Arch Trading Corp., Arvin Properties Inc., Hezer Holdings Inc., Madec Limited, OSIS International Corp., Plaintiffs-Appellants,
The Republic of Ecuador, a sovereign nation, Fideicomiso AGD-CFN No Más Impunidad, an agency or instrumentality of the Republic of Ecuador, Corporación Financiera Nacional, an agency or instrumentality of the Republic of Ecuador, Defendants-Appellees.
Argued: January 5, 2016
companies sue the Republic of Ecuador and two of its
instrumentalities for claims arising out of the Ecuadorean
government's alleged seizure of a number of the
companies' assets in Ecuador beginning in July 2008.
Invoking the Foreign Sovereign Immunities Act (FSIA), the
District Court (Crotty, J.) dismissed the action for
want of subject matter jurisdiction. We conclude that the
plaintiff companies cannot invoke the FSIA's takings
exception to sovereign immunity because the instrumentalities
are not "engaged in a commercial activity in the United
States, " see 28 U.S.C. § 1605(a)(3), and
that the activities of various subsidiaries and separate
entities are not imputable to them in light of the
presumption of legal separateness established in First
National City Bank v. Banco Para el Comercio Exterior de
Cuba, 462 U.S. 611 (1983) ("Bancec").
Accordingly, we AFFIRM the judgment of the District Court.
J. Martinez-Fraga (Suzanne M. Berger, James M. Altman, C.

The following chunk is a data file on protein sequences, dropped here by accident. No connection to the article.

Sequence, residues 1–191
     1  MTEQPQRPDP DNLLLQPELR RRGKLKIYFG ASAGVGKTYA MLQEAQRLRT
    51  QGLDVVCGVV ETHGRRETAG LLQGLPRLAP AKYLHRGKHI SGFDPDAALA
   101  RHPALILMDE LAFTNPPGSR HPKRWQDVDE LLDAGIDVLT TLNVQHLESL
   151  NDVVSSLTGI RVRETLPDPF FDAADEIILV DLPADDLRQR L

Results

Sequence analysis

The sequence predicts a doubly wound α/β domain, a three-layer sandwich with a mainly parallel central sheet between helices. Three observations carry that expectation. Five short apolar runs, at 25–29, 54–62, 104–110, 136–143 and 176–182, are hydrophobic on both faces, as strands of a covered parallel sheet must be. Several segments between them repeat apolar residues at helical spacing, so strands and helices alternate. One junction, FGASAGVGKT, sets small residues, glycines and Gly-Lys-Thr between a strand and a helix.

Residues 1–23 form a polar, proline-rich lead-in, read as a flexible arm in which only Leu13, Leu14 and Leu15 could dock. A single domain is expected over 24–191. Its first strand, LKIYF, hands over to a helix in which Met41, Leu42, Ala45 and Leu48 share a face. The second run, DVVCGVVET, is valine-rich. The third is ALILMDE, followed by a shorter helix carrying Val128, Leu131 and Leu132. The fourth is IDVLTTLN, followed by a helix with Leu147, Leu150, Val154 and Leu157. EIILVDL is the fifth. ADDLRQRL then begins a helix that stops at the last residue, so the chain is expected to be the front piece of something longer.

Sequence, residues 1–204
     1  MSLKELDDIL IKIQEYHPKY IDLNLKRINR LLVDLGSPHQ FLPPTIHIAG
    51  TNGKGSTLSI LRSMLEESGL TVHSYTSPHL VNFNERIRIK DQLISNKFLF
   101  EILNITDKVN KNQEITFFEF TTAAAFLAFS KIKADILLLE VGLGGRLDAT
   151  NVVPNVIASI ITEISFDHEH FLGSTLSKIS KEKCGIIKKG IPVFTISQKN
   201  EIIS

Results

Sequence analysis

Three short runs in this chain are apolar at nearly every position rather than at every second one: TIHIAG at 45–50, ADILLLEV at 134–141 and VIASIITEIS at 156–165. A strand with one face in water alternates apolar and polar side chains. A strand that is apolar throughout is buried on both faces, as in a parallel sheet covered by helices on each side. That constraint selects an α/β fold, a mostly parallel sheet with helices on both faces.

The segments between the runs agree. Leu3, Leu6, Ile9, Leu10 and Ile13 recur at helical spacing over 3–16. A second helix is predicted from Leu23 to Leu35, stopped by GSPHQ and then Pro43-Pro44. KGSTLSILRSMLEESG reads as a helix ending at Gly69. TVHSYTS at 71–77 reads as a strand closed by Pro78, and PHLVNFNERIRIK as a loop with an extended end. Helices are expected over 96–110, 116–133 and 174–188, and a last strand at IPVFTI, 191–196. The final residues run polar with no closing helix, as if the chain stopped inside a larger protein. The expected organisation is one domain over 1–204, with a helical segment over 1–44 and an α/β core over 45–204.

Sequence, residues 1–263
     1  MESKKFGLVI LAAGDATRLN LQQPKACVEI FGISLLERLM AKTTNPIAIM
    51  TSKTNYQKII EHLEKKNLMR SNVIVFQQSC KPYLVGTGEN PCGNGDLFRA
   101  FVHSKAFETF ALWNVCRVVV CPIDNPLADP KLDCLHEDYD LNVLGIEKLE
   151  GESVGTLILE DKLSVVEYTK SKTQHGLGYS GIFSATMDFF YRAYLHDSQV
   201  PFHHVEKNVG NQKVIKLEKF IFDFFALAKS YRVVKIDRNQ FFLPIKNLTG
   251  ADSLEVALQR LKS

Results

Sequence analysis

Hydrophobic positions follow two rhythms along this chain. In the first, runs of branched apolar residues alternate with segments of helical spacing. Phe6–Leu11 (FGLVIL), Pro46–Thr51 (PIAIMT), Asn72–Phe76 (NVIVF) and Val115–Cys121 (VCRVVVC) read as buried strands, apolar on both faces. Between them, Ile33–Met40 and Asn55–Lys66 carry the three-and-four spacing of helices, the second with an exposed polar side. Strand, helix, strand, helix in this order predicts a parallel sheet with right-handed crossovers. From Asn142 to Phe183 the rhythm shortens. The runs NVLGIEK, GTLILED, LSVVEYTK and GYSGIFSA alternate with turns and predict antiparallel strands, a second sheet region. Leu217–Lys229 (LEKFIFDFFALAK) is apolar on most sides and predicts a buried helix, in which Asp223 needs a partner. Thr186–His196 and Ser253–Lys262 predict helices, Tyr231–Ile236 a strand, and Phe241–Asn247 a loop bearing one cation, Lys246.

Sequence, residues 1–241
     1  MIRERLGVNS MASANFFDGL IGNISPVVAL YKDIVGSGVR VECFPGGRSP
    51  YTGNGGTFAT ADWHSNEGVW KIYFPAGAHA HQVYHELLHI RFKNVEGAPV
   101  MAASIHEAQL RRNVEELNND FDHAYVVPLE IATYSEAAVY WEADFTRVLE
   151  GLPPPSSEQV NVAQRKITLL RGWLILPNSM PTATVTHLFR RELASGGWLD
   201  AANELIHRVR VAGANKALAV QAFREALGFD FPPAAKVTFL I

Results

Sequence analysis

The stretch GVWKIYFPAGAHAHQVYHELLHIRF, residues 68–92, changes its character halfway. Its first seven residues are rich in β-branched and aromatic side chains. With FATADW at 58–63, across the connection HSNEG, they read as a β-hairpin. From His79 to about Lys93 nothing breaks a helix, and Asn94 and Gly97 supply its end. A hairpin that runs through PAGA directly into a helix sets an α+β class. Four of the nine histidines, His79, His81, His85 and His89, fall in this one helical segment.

Ryan Reetz, on the brief), Bryan Cave LLP, New York, NY, and
Miami, FL, for Plaintiffs- Appellants.
Z. Schwartz, Foley Hoag LLP, Boston, MA, for
Before: Pooler, Hall, and Carney, Circuit Judges.
L. Carney, Circuit Judge
faced here with a question of subject matter jurisdiction
over a dispute with a vanishingly thin, if any, connection to
the United States. Plaintiffs-appellants are five entities
incorporated in the British Virgin Islands. They claim that
in 2008, an agency of the Republic of Ecuador unlawfully
seized their "property in Ecuador"―
primarily, their ownership of over 100 companies located
there. Joint Appendix ("J.A.") at 12. In 2013, they
filed suit in the Southern District of New York seeking over
$1 billion in damages from defendants-appellees the Republic
of Ecuador ("Ecuador") and two of Ecuador's
instrumentalities―the Corporación Financiera
Nacional ("CFN"), and Fideicomiso AGD-CFN No
Más Impunidad (the "Trust"). The District
Court (Crotty, J.) dismissed the Complaint with
prejudice for want of subject matter jurisdiction.
Foreign Sovereign Immunities Act (FSIA) establishes a general
rule of immunity for foreign states "from the
jurisdiction of the courts of the United States and of the
States." 28 U.S.C. § 1604; see also 28
U.S.C. § 1330. Only if the action in which the foreign
state or its agency or instrumentality is named as the
defendant falls within one of the Act's several
exceptions, see 28 U.S.C. § 1605, will